From Ireland, this looks like yet another Hangover-style stag-night comedy, but the script has surprising depth to it, and even the sillier characters find some resonance as the events spiral into the requisite chaos. So while the movie's gross-out humour feels utterly contrived, there's meaning behind it. And the relationships between the central characters are remarkably complex.
The groom is theatre designer Fionnan (O'Conor), who is driving his fiancee Ruth (Huberman) crazy by being too-interested in planning the wedding. So she asks his best man Davin (Scott) to plan a stag getaway. They decide to go on a camping trip with Fionnan's brother (Legge) and his partner (Bennett), plus their friend Simon (Gleeson). But they fail in their efforts to avoid inviting Ruth's intense brother The Machine (McDonald). And sure enough, he takes over the weekend, causing abject mayhem at every turn as their casual hike becomes a series of frantic adventures.
The sharp actors create characters who are realistic and, for the most part, likeable. The exception is The Machine, and McDonald plays him mercilessly, chomping madly on the scenery. It's an over-the-top performance that constantly throws us outside the movie until we begin to see the man underneath the crazed bravado. But he causes the other guys to do inexplicable things as well, which sparks a reaction in us and allows for a bit of depth, especially for Scott in the meatiest role.
Continue reading: The Stag Review
Fionnan is the sensitive sort who's filled with excitement about his upcoming nuptials to partner Ruth. He's a nervous perfectionist who wants everything to be just right when the day comes, but makes no secret about his aversion to a traditional stag do of wild antics and drinking. When Ruth insists best man Davin take him on an outdoor adventure up a mountain for their bachelor's weekend, Fionnan is horrified but eventually agrees that he may enjoy a trek in the great outdoors. However, it is soon revealed that Ruth's insane brother nicknamed The Machine will be joining Fionnan and his friends - a fact that even makes Davin consider calling off their adventure. Instead, he attempts to deter him from coming along with a weird voicemail but, alas, he makes his presence known as he repeatedly brings trouble raining down on them on their journey.
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It's usually the bride that enjoys organising every little detail for their wedding, but in Ruth and Fionnan's relationship, planning the nuptials has become the only thing that guarded perfectionist Fionnan thinks about. However, concerned about his increasing seriousness and his hatred of adventure, Ruth enlists his best friend Davin to organise a stag night on a mountain. Fionnan eventually warms to the idea of a wildlife trek. that is until Ruth mentions that her ruthless brother The Machine is coming along too. Coping with The Machine becomes an uphill struggle when he throws away the stag group's compass and gets them lost, sets their tent on fire and insists on a nude streak through the woodland that almost gets them shot. But is he a blessing in disguise for strait-laced Fionnan, who may find this trip more of a milestone than a stag?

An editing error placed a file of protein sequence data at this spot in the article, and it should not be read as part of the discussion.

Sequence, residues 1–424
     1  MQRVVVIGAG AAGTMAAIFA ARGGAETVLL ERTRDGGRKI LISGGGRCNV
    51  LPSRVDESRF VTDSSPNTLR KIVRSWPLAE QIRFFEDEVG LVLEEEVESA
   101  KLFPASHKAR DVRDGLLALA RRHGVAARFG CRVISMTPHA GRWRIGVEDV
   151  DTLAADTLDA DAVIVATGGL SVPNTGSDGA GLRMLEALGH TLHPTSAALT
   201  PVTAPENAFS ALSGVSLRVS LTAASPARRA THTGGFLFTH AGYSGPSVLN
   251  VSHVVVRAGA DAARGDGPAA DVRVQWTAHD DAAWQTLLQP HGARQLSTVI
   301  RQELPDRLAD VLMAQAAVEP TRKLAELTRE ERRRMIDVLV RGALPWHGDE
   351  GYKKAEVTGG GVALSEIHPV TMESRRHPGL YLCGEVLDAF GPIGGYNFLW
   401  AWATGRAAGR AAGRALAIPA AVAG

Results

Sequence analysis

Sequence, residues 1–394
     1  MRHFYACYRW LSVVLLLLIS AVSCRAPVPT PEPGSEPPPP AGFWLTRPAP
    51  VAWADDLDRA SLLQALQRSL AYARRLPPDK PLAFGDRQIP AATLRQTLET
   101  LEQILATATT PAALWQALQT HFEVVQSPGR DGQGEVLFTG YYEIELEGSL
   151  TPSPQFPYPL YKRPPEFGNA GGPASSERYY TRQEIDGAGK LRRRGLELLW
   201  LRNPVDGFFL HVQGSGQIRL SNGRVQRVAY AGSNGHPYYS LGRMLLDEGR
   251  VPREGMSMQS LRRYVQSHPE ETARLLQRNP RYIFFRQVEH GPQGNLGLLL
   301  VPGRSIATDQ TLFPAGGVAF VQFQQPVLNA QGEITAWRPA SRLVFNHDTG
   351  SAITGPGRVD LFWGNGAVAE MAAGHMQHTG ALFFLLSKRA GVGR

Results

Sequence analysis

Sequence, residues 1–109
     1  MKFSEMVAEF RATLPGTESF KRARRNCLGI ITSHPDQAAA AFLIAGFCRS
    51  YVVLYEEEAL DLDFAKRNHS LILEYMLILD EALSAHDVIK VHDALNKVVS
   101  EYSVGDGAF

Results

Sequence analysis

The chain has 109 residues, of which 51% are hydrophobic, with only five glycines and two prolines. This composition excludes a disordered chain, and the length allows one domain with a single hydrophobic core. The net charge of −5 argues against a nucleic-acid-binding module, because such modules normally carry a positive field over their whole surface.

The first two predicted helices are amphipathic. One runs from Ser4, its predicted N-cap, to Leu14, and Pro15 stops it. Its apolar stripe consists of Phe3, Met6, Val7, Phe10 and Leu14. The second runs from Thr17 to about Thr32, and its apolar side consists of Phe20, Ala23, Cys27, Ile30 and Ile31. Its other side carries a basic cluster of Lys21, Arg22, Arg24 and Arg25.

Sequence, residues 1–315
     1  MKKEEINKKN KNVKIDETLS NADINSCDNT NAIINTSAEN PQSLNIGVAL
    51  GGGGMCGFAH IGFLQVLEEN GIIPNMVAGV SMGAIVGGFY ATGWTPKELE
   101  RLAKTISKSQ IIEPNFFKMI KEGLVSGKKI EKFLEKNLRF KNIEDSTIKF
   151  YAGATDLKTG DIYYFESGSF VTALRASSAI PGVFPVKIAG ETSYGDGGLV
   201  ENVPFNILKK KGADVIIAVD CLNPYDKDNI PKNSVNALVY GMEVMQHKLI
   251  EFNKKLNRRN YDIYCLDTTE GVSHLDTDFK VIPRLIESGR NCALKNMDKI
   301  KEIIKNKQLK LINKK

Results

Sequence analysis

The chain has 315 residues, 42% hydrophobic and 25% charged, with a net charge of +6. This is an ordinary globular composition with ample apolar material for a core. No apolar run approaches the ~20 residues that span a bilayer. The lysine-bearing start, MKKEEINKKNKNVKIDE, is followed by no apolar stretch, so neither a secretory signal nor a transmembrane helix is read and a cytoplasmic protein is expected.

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The title: Angela's Ashes refers to cigarettes and not cremation. If someone had told me this before I had entered the film, I might have enjoyed it more than I did. Then again, if someone had told me about the rest of the film, I might have asked for a final cigarette before going in to Angela's Ashes.
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Enter Vincent (Allen Leech), a charismatic and thoroughly winning gay fashion student who Shane vaguely knew back at school. The two bump into each other in town, join forces for the flat hunt, and eventually find a nice place with plenty of room for Vincent's extensive vintage wardrobe.
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Over instantly bleak and rainy establishing shots of the potholed cobblestone streets and muddy back alleys of a crumbling tenement row in 1930s Limerick, Ireland, "Angela's Ashes" opens with a quote from Frank McCourt, the author whose mega-best selling memoir is the basis of the film:
"When I look back on my childhood, I wonder how my brothers and I managed to survive at all. It was, of course, a miserable childhood: the happy childhood is hardly worth your while. Worse than the ordinary miserable childhood is the miserable Irish childhood, and worse yet is the miserable Irish Catholic childhood."
Brother, he ain't kiddin'. In the first 20 minutes of the picture, three of young Frank's infant siblings have died, his irresponsible drunk of a father (Robert Carlyle) has squandered the family's dole money, his mom (Emily Watson) has gone begging to the St. Vincent DePaul for food, clothing and furniture, and the kids have stood outside the coal plant waiting for delivery trucks to go by so they can pick up spilled remnants of the black fuel to heat their crumbling, frequently flooded, two-room home -- which is located adjacent to the drain where the entire street dumps out their chamber pots.
Continue reading: Angela's Ashes Review
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